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Liquor Liability Coverage: A New Year’s Resolution

It is now November and many commercial businesses should take some time to review their commercial general liability insurance policy. For example, if your business is a resort, campground, restaurant, brewery, distillery or even an event venue, then you will want to make a New Year’s resolution to review your Liquor Liability coverage.

According to the Insurance Information Institute (III) Liquor Liability insurance is:

“Business coverage that protects your business against loss or damages claimed as a result of a patron of your business becoming intoxicated and injuring himself or others. If your business manufactures, sells, serves or facilitates the use or purchase of alcohol, then your business will likely need this coverage. Liquor liability coverage may be sold as an add-on to a commercial liability policy or as a stand-alone policy. But, if you do not purchase this extra coverage, your standard commercial general liability policy does not protect your business against liquor-related claims.”

Liquor Liability Coverage in the news…

While drunk-driving fatalities have decreased in the past 30 years, it is important to understand that 10,000+ people lose their lives each year as a result of drunk-driving car crashes. The National Highway Safety Transportation Administration (NHSTA) provides a website with safety facts, risk factors, responsible behavior and campaigns; however, it is important to remember that many news items that create attention concern liquor liability cases.

Famously, almost 20 years ago Outback Steakhouse Inc. was sued by an Indiana couple. The case was brought by David and Lisa Markley who suffered injuries resulting from being hit by a drunken gentleman who had been served alcohol by Outback. Outback was sued and the jury awarded the Markleys $39 million. The award was upheld by an appeals court.

This past month, in an ongoing case in Connecticut, a Montville woman was awarded $1.45 million settlement against the estate of the man who crashed into her after he had been drinking at the Mohegan Sun Casino. The case against Mohegan Tribal Gaming continues.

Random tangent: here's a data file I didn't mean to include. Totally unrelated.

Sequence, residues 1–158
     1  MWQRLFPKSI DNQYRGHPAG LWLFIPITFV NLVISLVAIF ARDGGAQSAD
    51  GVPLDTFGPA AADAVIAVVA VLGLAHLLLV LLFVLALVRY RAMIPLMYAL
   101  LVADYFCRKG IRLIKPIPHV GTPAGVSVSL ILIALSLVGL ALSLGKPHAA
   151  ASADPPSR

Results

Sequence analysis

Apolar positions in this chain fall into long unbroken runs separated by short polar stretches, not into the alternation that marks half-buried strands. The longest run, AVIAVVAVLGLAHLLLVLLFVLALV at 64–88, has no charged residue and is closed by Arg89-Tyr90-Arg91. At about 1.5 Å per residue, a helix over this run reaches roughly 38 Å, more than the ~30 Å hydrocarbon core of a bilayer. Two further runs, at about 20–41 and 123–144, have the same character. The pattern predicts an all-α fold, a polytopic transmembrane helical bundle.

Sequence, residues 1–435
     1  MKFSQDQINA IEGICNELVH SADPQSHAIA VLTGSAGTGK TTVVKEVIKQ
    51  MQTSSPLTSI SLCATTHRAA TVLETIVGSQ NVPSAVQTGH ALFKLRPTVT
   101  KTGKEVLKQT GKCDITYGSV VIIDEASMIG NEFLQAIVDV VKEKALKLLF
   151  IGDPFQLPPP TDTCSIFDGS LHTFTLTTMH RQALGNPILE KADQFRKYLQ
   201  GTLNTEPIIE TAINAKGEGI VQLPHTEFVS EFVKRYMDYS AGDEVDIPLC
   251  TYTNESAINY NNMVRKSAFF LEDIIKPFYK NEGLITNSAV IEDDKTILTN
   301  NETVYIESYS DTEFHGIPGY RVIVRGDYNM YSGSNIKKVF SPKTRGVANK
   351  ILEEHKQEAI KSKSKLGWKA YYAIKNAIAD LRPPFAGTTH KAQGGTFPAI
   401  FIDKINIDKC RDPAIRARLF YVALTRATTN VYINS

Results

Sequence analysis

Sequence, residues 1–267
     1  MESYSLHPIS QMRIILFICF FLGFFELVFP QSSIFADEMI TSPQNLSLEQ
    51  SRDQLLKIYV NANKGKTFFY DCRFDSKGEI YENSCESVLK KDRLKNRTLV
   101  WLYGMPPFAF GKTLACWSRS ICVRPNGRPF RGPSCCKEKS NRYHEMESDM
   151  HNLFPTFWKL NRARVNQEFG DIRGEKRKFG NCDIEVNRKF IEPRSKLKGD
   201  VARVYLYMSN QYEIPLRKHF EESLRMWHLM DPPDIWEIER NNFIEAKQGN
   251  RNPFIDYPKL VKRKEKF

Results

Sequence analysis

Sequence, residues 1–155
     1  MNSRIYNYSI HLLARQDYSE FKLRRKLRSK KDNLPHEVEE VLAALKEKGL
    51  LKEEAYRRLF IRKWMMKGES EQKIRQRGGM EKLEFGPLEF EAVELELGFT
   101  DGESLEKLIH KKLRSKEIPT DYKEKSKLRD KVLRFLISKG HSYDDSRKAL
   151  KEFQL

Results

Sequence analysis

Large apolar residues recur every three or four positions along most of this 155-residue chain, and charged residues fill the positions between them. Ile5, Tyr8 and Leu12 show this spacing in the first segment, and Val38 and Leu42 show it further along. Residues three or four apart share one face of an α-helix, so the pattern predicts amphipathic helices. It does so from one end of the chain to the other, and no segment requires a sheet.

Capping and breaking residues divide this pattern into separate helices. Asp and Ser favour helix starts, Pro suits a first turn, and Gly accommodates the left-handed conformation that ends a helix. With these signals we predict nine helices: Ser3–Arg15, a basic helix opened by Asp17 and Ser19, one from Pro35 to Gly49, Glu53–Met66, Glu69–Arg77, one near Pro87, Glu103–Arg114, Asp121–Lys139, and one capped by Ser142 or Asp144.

How state laws affect the cost of liquor liability coverage

Many business owners assume that their general liability policy provides some type of liquor liability insurance. However, while a general liability policy may include host liquor liability insurance, this is called social host liability coverage and serves to cover only incidental service of alcohol, for example at a company social function. This type of coverage does not protect the company which is in the business of serving alcohol, selling or manufacturing alcohol.

Most states (43 to date) have what are called dram shop laws. These statutes:

  • Vary in severity
  • Can impose liability on liquor servers for injuries resulting from interaction with an intoxicated patron
  • Make a business liable if they serve alcohol to an obviously intoxicated customer

For example, in the State of Tennessee, one wishing to make a dram shop claim must meet these limited circumstances:

  • The direct cause of injury was the sale of the beverage
  • The beverage was purchased by minor under age 21 OR a person “visibly intoxicated,” and
  • The vendor SOLD the alcoholic beverage to the intoxicated patron

And according to NOLO:

In order for dram shop liability to apply in Tennessee, a 12-person jury must find that all the elements of a dram shop claim exist “beyond a reasonable doubt.” This is a much higher bar than in most states, where dram shop liability — which is civil liability, not criminal — need only be proven by “a preponderance of the evidence” or by “clear and convincing evidence.”

Looking to the new year…

As you prepare for 2018, you might want to meet with our insurance team and be prepared to discuss a few topics:

  1. If your business is financed, does your financial institution require liquor liability coverage?
  2. Do you serve alcohol at your B & B, hotel, restaurant, cafe or bar?
  3. Do you serve alcohol at business events?
  4. Does your business provide catering services, which include alcoholic beverages?
  5. Are you involved in fundraisers that include alcoholic beverages or a bar, open or paid?
  6. Do you own a facility that is rented for parties, events or weddings?

And speaking of weddingsJohn Bailey Company offers a wedding insurance program which covers standard liability (including liquor liability) as well as cancellation/postponement, lost deposits, and event gifts.

In closing, remember diversity is John Bailey Company’s niche. We understand different business and personal exposures which allows us to create specialty insurance solutions.

Question or Comment?

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